Woody Allen is famous for saying 80 percent of life is showing up. But it’s neither that nor sheer intelligence that will help you succeed, according to compelling new evidence about what it takes to achieve goals.
What does it take? Grit.
The term was coined by psychologists at the University of Pennsylvania in measuring characteristics that lead to perseverance. Jonah Lehrer wrote last month in the Boston Globe on the new scientific measurement that predicts long-term success.
Grit, says Lehrer, “is about setting a specific long-term goal and doing whatever it takes until the goal has been reached”. “Grit is an essential (and often overlooked) component of success”, he says.
Pioneering grit researcher Angela Lee Duckworth, a U. Penn psychologist, has written extensively in this area. She characterizes grit as a “noncognitive trait” that predicts success over and beyond IQ and conscientiousness. Her research looks at success in places as diverse as the US Military Academy at West Point, the National Spelling Bee, plus college and grade-school grades.
If you’re interest is whetted and want a readable academic reference from Prof. Duckworth, see this one from the Journal of Personality and Social Psychology.
Grit examines traits that enable some people to reach long-term goals while others just give up. You can test your grit by participating in the University of Pennsylvania study if you want to see if you have the power to persist.
The upshot: Some people are more successful because they have the skills to help them stick with a task long enough to reach a goal. Those who want to help foster these traits – parents, HR professional and workplace leaders, for sure – can do so by learning an important praise or feedback technique: recognize the effort behind work, rather than an intangible quality.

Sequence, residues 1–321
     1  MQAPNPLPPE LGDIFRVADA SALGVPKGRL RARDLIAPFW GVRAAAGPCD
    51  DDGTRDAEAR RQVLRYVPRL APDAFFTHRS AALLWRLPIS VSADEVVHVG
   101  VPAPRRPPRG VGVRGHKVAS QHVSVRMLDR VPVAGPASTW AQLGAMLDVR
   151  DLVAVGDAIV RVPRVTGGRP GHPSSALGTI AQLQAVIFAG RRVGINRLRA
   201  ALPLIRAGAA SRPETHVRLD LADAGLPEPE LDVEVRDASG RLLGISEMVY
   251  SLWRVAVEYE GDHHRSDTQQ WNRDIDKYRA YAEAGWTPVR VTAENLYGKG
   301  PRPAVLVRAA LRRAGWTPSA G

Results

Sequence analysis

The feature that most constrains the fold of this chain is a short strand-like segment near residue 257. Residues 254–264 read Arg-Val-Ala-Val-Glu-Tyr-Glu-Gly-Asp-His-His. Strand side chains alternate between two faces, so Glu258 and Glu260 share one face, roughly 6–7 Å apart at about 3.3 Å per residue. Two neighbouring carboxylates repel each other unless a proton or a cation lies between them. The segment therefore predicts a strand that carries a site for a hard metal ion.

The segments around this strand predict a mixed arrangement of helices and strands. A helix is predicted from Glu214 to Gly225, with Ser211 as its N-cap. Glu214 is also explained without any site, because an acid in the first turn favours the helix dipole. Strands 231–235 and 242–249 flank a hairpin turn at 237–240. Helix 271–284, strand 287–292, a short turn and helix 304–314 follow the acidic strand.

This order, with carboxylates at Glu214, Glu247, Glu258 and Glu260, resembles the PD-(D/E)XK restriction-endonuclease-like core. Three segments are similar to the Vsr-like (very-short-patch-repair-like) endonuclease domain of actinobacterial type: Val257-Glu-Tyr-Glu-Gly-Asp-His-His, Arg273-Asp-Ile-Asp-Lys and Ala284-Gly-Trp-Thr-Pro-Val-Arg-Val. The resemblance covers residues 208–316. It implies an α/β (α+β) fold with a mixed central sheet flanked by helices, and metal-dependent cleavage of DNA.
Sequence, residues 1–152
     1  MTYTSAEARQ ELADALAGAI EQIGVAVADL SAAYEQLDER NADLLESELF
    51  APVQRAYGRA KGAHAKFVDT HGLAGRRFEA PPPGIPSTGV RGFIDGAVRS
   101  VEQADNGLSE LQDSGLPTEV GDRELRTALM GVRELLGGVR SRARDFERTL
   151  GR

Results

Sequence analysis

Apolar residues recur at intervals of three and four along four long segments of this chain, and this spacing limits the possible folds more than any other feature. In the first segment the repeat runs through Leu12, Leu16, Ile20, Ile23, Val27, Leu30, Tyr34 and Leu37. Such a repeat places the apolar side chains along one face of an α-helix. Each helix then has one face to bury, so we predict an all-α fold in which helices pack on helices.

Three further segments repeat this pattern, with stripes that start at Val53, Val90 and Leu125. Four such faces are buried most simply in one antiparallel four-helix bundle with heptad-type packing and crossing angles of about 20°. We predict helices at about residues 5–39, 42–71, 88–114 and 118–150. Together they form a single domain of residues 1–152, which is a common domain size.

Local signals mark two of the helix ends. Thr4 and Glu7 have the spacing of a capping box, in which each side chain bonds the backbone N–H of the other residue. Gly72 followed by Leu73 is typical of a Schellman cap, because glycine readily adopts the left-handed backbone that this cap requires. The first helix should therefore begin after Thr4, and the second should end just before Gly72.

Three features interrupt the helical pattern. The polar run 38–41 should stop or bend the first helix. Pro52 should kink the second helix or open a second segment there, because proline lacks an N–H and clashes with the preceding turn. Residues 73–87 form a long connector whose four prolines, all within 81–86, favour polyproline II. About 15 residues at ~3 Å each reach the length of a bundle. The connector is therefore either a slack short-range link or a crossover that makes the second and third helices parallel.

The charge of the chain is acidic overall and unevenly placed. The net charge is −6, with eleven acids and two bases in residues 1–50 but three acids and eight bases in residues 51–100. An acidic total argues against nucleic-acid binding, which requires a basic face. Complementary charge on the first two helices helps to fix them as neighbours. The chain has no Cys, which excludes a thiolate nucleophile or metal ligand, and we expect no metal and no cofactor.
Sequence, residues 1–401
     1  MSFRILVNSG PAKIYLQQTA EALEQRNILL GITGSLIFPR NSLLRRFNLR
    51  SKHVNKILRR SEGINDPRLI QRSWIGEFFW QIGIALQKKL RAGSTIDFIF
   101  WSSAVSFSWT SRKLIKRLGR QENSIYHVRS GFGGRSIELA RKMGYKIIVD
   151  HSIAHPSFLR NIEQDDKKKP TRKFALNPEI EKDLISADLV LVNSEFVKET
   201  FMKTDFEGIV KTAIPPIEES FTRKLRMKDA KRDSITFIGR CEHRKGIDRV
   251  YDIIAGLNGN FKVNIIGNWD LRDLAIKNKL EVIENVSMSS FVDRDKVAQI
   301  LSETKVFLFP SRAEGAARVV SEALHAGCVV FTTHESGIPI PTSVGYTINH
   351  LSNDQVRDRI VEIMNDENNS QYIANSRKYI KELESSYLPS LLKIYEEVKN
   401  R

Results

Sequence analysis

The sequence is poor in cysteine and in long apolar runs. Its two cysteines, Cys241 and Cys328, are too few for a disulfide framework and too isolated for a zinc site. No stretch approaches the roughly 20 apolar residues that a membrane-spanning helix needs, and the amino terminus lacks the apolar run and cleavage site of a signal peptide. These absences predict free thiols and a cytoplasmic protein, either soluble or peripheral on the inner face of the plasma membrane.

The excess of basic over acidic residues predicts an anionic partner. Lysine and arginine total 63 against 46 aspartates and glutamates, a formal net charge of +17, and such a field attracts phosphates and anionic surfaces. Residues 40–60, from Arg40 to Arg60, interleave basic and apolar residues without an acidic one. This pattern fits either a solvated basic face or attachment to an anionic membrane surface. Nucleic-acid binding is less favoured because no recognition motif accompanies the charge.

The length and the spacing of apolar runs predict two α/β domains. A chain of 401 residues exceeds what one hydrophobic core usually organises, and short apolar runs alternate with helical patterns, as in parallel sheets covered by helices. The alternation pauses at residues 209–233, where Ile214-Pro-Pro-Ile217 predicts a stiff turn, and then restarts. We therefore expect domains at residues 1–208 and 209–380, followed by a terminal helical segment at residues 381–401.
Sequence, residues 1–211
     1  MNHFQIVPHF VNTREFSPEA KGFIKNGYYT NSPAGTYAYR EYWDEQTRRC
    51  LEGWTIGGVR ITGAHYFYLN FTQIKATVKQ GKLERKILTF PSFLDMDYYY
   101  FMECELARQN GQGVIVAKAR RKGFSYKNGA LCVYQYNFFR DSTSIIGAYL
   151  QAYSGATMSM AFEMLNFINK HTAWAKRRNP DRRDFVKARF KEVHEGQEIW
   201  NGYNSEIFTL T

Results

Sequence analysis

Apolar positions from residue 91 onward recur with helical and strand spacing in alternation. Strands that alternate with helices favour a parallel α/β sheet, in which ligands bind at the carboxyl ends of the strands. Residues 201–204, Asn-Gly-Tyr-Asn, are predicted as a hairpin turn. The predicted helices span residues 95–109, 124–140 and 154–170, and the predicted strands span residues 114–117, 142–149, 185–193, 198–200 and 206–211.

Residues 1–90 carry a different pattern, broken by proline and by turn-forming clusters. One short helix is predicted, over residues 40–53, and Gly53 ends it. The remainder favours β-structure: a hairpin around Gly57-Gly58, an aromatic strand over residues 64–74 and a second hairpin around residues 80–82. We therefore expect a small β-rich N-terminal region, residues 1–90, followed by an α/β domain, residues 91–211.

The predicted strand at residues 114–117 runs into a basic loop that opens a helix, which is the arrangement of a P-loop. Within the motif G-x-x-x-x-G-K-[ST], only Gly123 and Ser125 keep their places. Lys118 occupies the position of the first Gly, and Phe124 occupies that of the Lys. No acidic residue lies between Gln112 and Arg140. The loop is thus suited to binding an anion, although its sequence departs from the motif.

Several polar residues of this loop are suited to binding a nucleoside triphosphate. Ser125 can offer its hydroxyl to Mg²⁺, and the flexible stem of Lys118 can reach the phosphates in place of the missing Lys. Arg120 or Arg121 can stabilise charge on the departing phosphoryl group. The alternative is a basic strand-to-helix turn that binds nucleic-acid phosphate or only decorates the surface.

Instead of saying, for example, “good job — you’re so smart!” Go with something like this: “I appreciate how you handled that negotiation – it resulted in a cost savings for the division.” Or, for your child: “Nice going. You really worked hard on that project and it looks great!” This sort of recognition will net big results in job satisfaction, and can further develop loyalty.
Success depends on having the “grit” to keep on working toward a goal in the long-term even in the face of challenges. It’s up to leaders to provide the right tools – including meaningful praise, feedback and rewards – to help them keep working toward that success.
Giving meaningful praise and backing it up can prove valuable to your bottom line.
Grit is great. As the father of a grade-schooler, I earnestly work at my grit-reinforcement parenting, imagining I’m helping myself by helping someone else.
Is grit as interesting to you as it to me? If so, and you want to learn more about passionate persistence, or mindful diligence, there’s lots much more reading you can do in the popular domain. Prof. Duckworth’s work is a great place to start, but it’s written for academics. (Although I can’t wait to see her in-process study for the KIPP Schools, one of the most exciting, large-scale grit-centric imaginable—that can change the course of our nation.)
Mindset, from Stanford University professor Carol Dweck is one place to start. Her work has begun to have a life of it’s own, which you can see at MindSetOnline.
For a business slat, Geoff Colvin, longtime editor and columnist for Fortune Magazine, has written Talent is Overrated.
And for a more popular take see The Talent Code, from Daniel Coyle.
Finally, a hearty gThankYou! to my friend and neighbor, Jim Zellmer, whose blog tipped me off to grit; School Information System is America’s #1 compendium of news for all things K-12 educational.
I’ll post on this topic again soon.
In the meantime, keep your nose to the grindstone.
Rick Kiley is President of gThankYou, LLC, based in Madison, WI. gThankYou® Certificates of Gratitude™ are one way savvy companies demonstrate commitment to valued employees. The company is best known for its Turkey Gift Certificates, Ham Gift Certificates, and Grocery Gift Cards.
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